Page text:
in Defence

HMS Queen Elizabeth returns to Rosyth for maintenance

Posted 4 April 2019 · Add Comment

HMS Queen Elizabeth has sailed under the Forth bridges once more, as she returns to her birthplace for a scheduled period of maintenance.



Above:
HMS Queen Elizabeth sailed under the Forth bridges on her way back to the Rosyth Dockyard.
Courtesy Royal Navy


The 65,000 tonne carrier was floated in July 2014 and sailed from Rosyth Dockyard for the first time in June 2017.

Since then she has crossed the Atlantic to conduct historic trials with F35B Lightning II test fighter jets in the USA and worked up towards her official in-service date of 2020.

Sailing back into Scottish waters, her Commanding Officer, Captain Nick Cook-Priest said: “A lot of water has already passed under our keel since we left Rosyth in 2017.

“Our return here is yet another first for HMS Queen Elizabeth and another important step on her journey as Britain generates a big deck Carrier Strike capability.”

Having lowered her pole mast to get under the three Bridges, the ship will now have to wait for the right tidal and weather conditions to manoeuvre safely through the lock into Rosyth Dockyard.

Equipped with a specially designed roller-fender system, there will be just one metre clearance each side of the ship, and just over one metre separating the keel from the entrance sill.

She will then be taken through the inner basin, back into the dry dock where she was pieced together, edging past her younger sister, HMS Prince of Wales which is scheduled to leave Rosyth for the first time later this year.

This dry-docking period is a mandatory requirement in accordance with Lloyds Register classification. An inspection will be carried out on her 920 foot-long hull, with any defects being rectified and marine growth removed.

The head of Marine Engineering onboard, Cdr Mark Hamilton said it is a significant but necessary job: “This routine maintenance will include changing many of the large underwater valves, inspecting the rudders, propellers and stabilisers, as well as cleaning and touching up the underwater paint scheme.

“Having completed this work, HMS Queen Elizabeth should not have to dry dock again for another six years.”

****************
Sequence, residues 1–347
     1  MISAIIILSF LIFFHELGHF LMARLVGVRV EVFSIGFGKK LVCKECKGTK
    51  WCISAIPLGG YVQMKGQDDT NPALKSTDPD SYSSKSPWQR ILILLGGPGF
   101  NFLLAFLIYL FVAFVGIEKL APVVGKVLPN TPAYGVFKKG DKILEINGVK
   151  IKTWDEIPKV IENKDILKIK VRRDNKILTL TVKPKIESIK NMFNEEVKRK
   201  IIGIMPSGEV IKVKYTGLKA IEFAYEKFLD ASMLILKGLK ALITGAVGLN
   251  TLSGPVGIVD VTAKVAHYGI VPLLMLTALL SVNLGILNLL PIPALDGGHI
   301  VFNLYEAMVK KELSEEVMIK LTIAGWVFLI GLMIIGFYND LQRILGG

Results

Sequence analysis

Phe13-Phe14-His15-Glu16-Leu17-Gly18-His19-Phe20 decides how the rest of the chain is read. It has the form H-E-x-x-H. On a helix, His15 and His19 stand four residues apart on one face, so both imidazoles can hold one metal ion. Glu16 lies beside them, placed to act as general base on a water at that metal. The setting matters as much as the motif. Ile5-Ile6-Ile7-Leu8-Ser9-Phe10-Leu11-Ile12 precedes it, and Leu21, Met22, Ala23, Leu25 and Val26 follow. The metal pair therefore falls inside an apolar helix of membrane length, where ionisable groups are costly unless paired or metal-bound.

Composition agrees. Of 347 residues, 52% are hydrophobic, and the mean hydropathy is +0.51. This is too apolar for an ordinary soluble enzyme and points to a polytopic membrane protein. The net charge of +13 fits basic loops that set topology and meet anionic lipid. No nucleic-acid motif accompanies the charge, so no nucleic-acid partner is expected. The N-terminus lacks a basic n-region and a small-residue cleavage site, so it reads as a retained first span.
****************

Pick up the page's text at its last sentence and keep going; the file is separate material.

When the docking period is complete HMS Queen Elizabeth will sail to conduct further sea trials and training ahead of deploying again later this year for ‘WESTLANT 19’, where she will embark British F35B Lightning II jets to conduct Operational Testing, following on from last year’s successful Developmental Tests.

She will deploy operationally for the first time in 2021.


 

* required field

Post a comment

Other Stories
Advertisement
Latest News

COVID-19 impact on RAF Display Teams in 2020

Noting the restrictions currently in place on the UK population during the effort to combat the spread of the Coronavirus (COVID-19), the Royal Air Force (RAF) has suspended all displays from its various teams and bands until further

ICAO stresses air transport's role in recovery from COVID-19 pandemic

ICAOís Council President and Secretary General welcomed the G20 leadersí statement on COVID-19, including its underscoring of how this unprecedented pandemic serves as ďa powerful reminder of our interconnectedness and

IATA highlights airlines' cash crisis

The International Air Transport Association (IATA) has published new analysis showing that airlines may burn through $61 billion of their cash reserves during the second quarter ending 30 June 2020, while posting a quarterly net loss

Horizon Technologies secures new FlyingFish orders

Horizon Technologies has secured a £500+K order for an undisclosed quantity of FlyingFish SIGINT systems from a Sub-Saharan African country.

Self-help options open to cash strapped European airlines

Europeís largest airlines have important self-help options open to them to help stave off the liquidity crisis brought on by the COVID-19 pandemic despite the spectre of mass bankruptcy hanging over the industry and calls for urgent

EDM installs Air Balticís A220 Extended Door Trainer

Manchester based provider of training simulators to the civil aviation and defence sectors, EDM, has completed a project for Air Balticís A220 Extended Door Trainer, which has been fully installed at their training facility in Riga,

ODU 0201311219
See us at
3CDSE BT2702150720DVD 2020SMI favws BT0602040620